Westminster Presbyterian Church
Rich in History
Westminster Presbyterian Church was established on May 27, 1855 as the Presbyterian Church of Cedar Rapids and was located in Daniels Hall, a commercial building on First Avenue. There were twenty members in the first congregation, seven of them from Donegal, Pennsylvania. The founders of the future Westminster Church were "Old School Presbyterians" and found the "New School" doctrines of the already established First Presbyterian Church too liberal and too much influenced by congregationalism. The differences seem trivial today and largely disappeared after the two groups were reunited in 1869.
The first pastor of the new church was the Rev. Richard Morrow, a graduate of Jefferson College and Princeton Theological Seminary. He was a dedicated minister who directed the building of the congregation's first church on 3rd Avenue and 3rd street. The new church was completed during the summer of 1858 at a cost of $3,500. Morrow, the first in a long line of twenty-six pastors, suffered from consumption, and was forced to return East in 1859. The name of the church was changed to Second Presbyterian Church in 1868 and the original structure was expanded and remodeled to seat nearly 500 at an expense of $15,000 in 1872. The first Sunday School was established in 1855 and marked the beginning of today's varied programs in education, music and social events.
Many members of the congregation as well as several pastors served the Union cause during the Civil War. The church's third minister, Rev. D.H. Mitchell, left his pastorate in 1862 to become the chaplain of the 6th Iowa Cavalry. Stephen L. Dows, an elder of more than forty years and one of the most successful city entrepreneurs, was another veteran of the Civil War. It was Dows who gave Second Presbyterian Church its first organ in 1884. This organ, rebuilt in 1905, served the church until 1931. The present Shantz organ was installed in 1974.
By 1903 Second Presbyterian Church leaders decided it was time to move out of the crowded business section of the city and into the suburbs. Ground was broken for the new location on 3rd Avenue and 14th Street on April 30, 1904. The cornerstone with the inscription "Christ Jesus Our Lord" was laid in September of that year. The first services in the new church were held on Sunday, May 21, 1905 and the pastor was the Rev. U. Franklin Smiley. The new church in a new location adopted a new name-- Westminster Presbyterian Church.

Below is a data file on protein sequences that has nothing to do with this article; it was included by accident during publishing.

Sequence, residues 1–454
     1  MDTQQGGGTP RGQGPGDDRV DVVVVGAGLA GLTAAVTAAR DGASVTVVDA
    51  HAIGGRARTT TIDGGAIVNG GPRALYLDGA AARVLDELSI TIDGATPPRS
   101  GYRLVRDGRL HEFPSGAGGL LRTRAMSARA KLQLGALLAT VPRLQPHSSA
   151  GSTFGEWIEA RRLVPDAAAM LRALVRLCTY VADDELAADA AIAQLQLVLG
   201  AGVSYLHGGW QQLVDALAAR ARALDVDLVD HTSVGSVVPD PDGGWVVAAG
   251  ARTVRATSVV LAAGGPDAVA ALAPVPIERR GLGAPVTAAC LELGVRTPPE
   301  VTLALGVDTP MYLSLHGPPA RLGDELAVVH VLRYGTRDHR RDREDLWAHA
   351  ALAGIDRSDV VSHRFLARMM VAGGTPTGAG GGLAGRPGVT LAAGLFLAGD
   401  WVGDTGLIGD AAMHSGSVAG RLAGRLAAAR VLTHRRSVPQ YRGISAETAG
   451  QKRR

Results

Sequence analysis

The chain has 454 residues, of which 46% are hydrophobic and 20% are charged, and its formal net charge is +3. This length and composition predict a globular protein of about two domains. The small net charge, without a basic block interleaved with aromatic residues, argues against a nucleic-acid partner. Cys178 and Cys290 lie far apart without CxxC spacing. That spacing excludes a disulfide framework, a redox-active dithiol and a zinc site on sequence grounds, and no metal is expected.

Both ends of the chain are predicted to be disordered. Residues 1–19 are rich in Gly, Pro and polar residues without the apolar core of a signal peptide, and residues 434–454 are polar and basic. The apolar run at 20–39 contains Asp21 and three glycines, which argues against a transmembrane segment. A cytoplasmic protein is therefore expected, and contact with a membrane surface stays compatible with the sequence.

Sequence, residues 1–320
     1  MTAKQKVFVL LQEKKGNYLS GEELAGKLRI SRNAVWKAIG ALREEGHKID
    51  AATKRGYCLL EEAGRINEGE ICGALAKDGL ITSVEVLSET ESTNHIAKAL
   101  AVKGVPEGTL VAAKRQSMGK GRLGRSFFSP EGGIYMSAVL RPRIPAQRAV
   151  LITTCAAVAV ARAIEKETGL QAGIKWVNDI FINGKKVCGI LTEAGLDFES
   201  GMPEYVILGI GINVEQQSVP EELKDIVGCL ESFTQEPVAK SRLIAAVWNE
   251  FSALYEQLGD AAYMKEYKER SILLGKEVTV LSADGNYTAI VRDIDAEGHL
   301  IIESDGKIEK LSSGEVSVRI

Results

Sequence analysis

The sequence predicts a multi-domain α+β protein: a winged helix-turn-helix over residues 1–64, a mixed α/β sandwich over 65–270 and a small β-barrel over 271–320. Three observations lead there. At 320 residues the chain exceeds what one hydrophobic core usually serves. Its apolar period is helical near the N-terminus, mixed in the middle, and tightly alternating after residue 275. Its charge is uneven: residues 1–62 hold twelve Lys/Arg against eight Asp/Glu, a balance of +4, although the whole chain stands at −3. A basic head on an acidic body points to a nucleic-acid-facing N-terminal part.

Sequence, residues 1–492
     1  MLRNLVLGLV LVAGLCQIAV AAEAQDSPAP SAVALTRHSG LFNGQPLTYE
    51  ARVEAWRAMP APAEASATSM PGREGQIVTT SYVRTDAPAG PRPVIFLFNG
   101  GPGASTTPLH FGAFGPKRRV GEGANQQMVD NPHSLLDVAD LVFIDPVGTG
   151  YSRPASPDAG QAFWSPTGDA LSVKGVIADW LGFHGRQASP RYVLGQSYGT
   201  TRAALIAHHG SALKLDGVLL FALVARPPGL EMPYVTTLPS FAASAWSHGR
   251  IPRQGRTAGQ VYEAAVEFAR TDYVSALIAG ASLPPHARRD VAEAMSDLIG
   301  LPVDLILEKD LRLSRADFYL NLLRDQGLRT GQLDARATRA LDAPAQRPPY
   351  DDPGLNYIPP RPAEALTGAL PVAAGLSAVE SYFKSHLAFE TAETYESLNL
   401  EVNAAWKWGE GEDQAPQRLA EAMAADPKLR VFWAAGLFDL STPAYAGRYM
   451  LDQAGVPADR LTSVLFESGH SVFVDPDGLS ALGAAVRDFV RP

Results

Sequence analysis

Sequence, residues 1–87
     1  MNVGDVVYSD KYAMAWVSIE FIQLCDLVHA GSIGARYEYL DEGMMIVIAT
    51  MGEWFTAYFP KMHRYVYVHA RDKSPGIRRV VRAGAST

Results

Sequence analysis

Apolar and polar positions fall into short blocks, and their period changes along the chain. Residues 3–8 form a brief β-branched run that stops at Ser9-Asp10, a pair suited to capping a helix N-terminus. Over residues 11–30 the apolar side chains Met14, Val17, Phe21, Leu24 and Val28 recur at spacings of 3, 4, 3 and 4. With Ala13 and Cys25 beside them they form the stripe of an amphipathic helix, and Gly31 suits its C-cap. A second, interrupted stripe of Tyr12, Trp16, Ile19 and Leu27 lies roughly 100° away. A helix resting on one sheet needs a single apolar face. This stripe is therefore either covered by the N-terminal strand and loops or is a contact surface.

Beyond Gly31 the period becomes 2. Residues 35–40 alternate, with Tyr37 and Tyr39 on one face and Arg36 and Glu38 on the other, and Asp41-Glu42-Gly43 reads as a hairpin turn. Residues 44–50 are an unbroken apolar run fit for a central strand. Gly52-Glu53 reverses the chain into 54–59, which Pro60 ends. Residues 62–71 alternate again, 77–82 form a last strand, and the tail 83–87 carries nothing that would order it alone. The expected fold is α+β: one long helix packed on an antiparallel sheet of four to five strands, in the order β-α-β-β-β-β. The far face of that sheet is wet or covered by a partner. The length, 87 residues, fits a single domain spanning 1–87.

The Architect of the church was Charles Bolton of Philadelphia. The Magdalene Tower of Westminster was modeled after the tower at Oxford College, England. Some of the stained glass windows were moved from Second Presbyterian Church. A beautiful new addition to the stained glass windows in the church, The Road to Emmaus, was created by the artist Heinrich Hofmann.
Sunday School students learn the story of Jesus' appearance after the Resurrection on the road to Emmaus beneath the stunning stained glass window that depicts the story.
Additional expansion took place in 1960 and 1968 which provided a chapel as well as needed office and educational space. Membership reached a record 2,000 in 1977 during the twenty-nine year ministry (1956-1985) of the beloved Dr. John P. Woods. During the ministry of Rev. Dr. Herbert Isenberg (1995-2009), another new addition was added to the present church building to provide a new office space on the main level and a Family Life Center on the lower level.
The Family Life Center (FLC) is used for the contemporary 9 a.m. worship service and many other church gatherings.
Historical information has been excerpted from "Sharing the Spirit - The History of Westminster Presbyterian Church" by Bill Cumberland & Darald Schultz.